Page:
Aug 16, 2016
Following a dramatic boating accident off the Northern Peninsula, where a young couple survived for hours in the numbing waters by clinging to a gas can after a whale capsized their boat, the Canadian Red Cross is urging everyone to wear life-jackets whenever they’re out on the water.
Couple survive hours at sea after whale topples boat off Northern Peninsula
“In an unexpected situation like this, wearing a life-jacket would’ve been the number one most important thing,” said Mariea Dredge, a boating safety officer with the organization, who added it was “pure luck” the two made it through their ordeal alive.
Photo: The Red Cross says even strong swimmers don’t stand much of a chance against the cold waters of the North Atlantic, making life-jackets essential. (Chris Landsberger/Oklahoman/The Associated Press)
Dredge said the summer of 2016 has seen numerous such boating accidents across Newfoundland and Labrador.
“Especially now with the food fishery open every single weekend, a lot of people are taking to the ocean,” she told CBC Radio’s Corner Brook Morning Show.
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A recent report from the Red Cross stated up to 90 per cent of water-related fatalities in Canada could have been prevented by proper use of a life-jacket or a PFD [personal flotation device].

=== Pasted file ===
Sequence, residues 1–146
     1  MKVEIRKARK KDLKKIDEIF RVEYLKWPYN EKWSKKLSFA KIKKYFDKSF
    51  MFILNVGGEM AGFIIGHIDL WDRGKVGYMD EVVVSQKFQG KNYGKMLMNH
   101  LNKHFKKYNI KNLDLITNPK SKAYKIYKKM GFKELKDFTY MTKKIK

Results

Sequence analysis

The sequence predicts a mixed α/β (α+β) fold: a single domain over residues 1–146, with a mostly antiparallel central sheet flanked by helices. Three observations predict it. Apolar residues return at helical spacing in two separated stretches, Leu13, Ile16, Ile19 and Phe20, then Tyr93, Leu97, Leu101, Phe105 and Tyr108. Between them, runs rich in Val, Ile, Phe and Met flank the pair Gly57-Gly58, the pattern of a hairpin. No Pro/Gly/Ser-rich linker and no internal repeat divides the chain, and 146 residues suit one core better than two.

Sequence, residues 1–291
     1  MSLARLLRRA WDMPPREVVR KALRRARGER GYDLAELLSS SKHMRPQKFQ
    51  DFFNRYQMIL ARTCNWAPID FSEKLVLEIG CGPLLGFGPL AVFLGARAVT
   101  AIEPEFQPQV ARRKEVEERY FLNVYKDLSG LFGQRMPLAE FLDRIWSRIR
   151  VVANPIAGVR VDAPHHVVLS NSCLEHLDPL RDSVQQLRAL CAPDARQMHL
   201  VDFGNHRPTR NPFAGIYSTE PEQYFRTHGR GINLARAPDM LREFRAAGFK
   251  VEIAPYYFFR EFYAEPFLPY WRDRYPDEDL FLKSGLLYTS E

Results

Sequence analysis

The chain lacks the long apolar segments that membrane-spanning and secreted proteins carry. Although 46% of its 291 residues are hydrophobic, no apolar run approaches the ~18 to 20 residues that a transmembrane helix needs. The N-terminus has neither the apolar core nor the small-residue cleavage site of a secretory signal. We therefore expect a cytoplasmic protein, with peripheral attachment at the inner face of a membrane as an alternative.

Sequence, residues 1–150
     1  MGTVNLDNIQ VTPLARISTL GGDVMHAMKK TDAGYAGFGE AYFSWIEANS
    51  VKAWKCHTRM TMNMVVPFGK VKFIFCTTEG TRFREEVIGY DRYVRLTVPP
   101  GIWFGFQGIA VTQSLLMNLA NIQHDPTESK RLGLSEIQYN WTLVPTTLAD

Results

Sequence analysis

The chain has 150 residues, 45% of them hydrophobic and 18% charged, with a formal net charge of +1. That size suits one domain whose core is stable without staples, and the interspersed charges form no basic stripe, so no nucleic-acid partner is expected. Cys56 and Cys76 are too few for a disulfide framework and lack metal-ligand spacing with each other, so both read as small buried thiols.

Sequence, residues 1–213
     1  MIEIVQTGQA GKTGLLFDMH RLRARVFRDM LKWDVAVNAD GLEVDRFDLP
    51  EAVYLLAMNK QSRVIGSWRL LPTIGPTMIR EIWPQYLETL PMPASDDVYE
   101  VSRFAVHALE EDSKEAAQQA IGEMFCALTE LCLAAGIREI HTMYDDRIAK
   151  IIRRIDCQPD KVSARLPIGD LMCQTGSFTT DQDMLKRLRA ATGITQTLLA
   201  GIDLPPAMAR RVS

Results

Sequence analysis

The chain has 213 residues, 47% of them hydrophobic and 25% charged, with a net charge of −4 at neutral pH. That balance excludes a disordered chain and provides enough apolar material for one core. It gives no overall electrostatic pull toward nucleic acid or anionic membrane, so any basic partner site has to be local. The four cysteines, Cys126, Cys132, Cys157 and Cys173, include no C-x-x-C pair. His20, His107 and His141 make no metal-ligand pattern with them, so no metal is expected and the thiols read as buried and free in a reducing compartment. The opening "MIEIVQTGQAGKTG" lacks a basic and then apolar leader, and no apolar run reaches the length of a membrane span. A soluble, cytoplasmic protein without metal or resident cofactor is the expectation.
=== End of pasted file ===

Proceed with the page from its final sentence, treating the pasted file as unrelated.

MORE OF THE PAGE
The couple’s life-jackets were stowed inside the boat, abiding by the regulations which state the devices must be on board but do not need to be worn, a law the Red Cross is critical of.
“The way to make people wear PFDs is to have it as a law and then to enforce it. But then the issue is, who enforces it?” said Dredge.
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Cold water shock
Dredge said a common excuse given for skipping a life-jacket is that the boaters are also strong swimmers — a claim the North Atlantic’s waters, which at best reach 10 degrees Celsius, can quickly nullify.
“In the first minute that you fall into cold water, you experience something that we call ‘cold water shock.’ You involuntarily hyperventilate, so this is a time that a lot of people end up taking in water and drowning,” she said.
Dredge added if you survive that, it takes about the next ten minutes for your arms and legs to stop working, and in the next hour hypothermia will set in.
“During that time, it’s really critical that you have that life-jacket or PFD on whether you’re a good swimmer or not.”
“You can’t control those circumstances and your body doesn’t really react the way you would expect it to — so you need it there to help you float,” she said.
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The Red Cross said on average, 23 people in Newfoundland and Labrador die on the water each year.
Article By Lindsay Bird, CBC News
With files from the Corner Brook Morning Show